Delhi shivers under cold wave; mercury drops below 3 degree C in some parts

Topics Delhi weather | mercury | cold wave

Delhi reeled under a cold wave on Tuesday as icy winds sweepingthrough the city brought the minimum temperature down to 3.6 degrees Celsius, the India Meteorological Department said.

The Safdarjung Observatory, which provides representative data for the city, recorded a minimum of 3.6 degrees Celsius and a maximum of 18.1 degrees Celsius, two notches below normal.

The weather stations at Ayanagar and Lodhi Road recorded a low of 2.6 degrees Celsius and 2.7 degrees Celsius,respectively, it said.

In the plains, the IMD declares a cold waveif the minimum temperaturedips to 4 degrees Celsius. A severe cold wave is when the minimum is 2 degrees Celsius or less.

The India Meteorological Department said the mercury may drop further by New Year's Eve.

Cold wave conditions are predicted in parts of the city over the next three days, it said.

Kuldeep Srivastava, the head of the regional forecasting centre of the IMD, said a Western Disturbance ledto "scattered to fairly widespread" snowfall in Jammu and Kashmir, Ladakh, Himachal Pradesh and Uttarakhand.

Cold and dry northerly/northwesterly winds from the western Himalayas have been barreling through the plains, bringing theminimum temperature in north India down, he said.

According to IMD, a coldwaveis also declared when the minimum temperature is 10 degrees Celsius or below and is 4.5 notches less than normal.

A "severe" cold wave is when the minimum temperature dips to two degrees Celsius or the departure is more than 6.4 degrees Celsius.

On December 20, the Safdarjung Observatory recorded a minimum of 3.4 degrees Celsius, the lowest this season so far.

Delhi'sairqualitywas recorded in the "poor" category on Tuesday morning.

The city's24-hour average airqualityindex was 265 on Tuesday,253 on Monday, 396 on Sunday,337 on Saturday, 357 on Friday, 423 on Thursday and 433 on Wednesday.

An AQI between zero and 50 is considered "good", 51 and 100 "satisfactory", 101 and 200 "moderate", 201 and 300 "poor", 301 and 400 "very poor", and 401 and 500 "severe".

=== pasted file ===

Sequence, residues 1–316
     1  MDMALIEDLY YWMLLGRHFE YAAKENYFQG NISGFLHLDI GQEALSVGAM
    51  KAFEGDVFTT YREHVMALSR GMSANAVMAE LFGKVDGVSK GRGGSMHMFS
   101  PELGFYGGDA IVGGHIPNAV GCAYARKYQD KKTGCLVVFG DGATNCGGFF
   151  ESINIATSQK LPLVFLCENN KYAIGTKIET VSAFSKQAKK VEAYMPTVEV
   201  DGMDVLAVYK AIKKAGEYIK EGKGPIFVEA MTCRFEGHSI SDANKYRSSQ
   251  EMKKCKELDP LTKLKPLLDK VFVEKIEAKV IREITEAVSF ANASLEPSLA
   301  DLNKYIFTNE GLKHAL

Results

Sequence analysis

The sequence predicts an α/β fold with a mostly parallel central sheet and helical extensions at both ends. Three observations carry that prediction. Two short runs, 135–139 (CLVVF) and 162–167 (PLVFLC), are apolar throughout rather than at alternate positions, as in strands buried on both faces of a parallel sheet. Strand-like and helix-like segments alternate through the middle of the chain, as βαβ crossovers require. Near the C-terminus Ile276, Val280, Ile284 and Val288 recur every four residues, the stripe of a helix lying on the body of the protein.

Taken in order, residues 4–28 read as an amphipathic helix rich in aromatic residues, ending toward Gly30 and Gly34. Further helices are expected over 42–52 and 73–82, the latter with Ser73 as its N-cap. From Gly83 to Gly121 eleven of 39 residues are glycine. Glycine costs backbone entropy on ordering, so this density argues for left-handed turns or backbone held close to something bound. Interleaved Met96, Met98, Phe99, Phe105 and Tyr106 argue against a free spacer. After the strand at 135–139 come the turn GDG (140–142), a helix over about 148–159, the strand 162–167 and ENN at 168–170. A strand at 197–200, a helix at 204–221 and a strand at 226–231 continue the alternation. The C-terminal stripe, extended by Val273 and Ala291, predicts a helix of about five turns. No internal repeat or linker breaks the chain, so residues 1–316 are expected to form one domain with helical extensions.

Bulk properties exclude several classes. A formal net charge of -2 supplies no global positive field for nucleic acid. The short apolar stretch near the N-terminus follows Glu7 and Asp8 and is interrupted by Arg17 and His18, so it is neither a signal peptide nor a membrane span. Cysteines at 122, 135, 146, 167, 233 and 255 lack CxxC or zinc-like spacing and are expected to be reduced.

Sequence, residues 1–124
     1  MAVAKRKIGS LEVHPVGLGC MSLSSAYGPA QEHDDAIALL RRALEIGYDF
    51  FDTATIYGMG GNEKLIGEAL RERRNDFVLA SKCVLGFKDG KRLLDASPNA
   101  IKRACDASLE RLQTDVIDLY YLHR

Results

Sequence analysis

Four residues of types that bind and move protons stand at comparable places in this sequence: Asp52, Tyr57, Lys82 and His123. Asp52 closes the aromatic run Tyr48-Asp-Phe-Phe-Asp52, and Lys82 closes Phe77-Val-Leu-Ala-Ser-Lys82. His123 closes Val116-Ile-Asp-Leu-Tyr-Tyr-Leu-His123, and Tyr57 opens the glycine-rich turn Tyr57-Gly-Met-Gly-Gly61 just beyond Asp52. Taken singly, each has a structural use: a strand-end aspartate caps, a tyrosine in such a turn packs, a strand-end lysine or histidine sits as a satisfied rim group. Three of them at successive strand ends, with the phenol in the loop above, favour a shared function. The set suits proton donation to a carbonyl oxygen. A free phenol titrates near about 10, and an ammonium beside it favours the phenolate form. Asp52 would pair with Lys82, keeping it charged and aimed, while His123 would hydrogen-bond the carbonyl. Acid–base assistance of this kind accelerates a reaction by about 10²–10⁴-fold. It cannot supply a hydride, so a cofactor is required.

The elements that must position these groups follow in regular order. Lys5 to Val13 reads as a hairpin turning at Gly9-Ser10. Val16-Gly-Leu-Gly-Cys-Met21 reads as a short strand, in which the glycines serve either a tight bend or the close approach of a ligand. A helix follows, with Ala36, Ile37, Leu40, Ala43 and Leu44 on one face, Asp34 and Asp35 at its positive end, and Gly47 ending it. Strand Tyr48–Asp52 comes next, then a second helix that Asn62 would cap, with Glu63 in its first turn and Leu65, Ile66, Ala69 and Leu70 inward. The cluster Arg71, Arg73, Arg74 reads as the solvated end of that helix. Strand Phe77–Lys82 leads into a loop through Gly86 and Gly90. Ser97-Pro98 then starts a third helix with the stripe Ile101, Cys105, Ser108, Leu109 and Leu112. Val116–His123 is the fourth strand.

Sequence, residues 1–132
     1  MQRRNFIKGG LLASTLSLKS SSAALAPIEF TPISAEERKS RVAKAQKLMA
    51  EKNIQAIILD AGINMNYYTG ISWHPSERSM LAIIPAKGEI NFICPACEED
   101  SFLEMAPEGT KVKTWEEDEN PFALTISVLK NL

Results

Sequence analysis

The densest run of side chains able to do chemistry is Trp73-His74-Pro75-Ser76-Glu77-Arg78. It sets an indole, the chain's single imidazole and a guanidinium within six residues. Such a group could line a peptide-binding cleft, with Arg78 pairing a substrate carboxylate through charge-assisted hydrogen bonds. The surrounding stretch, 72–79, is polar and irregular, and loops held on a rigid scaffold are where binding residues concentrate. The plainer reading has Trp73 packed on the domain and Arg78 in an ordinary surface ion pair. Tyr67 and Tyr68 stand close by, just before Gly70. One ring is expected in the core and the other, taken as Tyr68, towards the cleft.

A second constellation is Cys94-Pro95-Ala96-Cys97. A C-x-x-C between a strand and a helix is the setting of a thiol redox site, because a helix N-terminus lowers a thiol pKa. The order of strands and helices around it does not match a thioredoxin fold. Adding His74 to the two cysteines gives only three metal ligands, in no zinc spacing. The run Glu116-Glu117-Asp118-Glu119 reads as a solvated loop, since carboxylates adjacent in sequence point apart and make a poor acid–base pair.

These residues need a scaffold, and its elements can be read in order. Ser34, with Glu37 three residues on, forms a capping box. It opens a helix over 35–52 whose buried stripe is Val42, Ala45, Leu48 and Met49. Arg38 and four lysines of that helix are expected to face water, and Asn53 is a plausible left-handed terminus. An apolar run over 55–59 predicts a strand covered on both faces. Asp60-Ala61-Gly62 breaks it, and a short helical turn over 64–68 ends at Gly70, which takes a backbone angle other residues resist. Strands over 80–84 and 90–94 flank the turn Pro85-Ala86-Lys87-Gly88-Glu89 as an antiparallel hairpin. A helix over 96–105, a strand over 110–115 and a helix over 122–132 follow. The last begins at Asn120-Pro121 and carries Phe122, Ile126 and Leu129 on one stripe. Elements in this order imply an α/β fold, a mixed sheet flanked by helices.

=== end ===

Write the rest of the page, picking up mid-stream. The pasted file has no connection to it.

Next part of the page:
Officials at the India Meteorological Department (IMD) said favourable wind speed, up to 15 kmph, aided in the dispersion of pollutants.


(Only the headline and picture of this report may have been reworked by the Business Standard staff; the rest of the content is auto-generated from a syndicated feed.)


Dear Reader,


Business Standard has always strived hard to provide up-to-date information and commentary on developments that are of interest to you and have wider political and economic implications for the country and the world. Your encouragement and constant feedback on how to improve our offering have only made our resolve and commitment to these ideals stronger. Even during these difficult times arising out of Covid-19, we continue to remain committed to keeping you informed and updated with credible news, authoritative views and incisive commentary on topical issues of relevance.

We, however, have a request.

As we battle the economic impact of the pandemic, we need your support even more, so that we can continue to offer you more quality content. Our subscription model has seen an encouraging response from many of you, who have subscribed to our online content. More subscription to our online content can only help us achieve the goals of offering you even better and more relevant content. We believe in free, fair and credible journalism. Your support through more subscriptions can help us practise the journalism to which we are committed.

Support quality journalism and subscribe to Business Standard.

Digital Editor

Business Standard is now on Telegram.
For insightful reports and views on business, markets, politics and other issues, subscribe to our official Telegram channel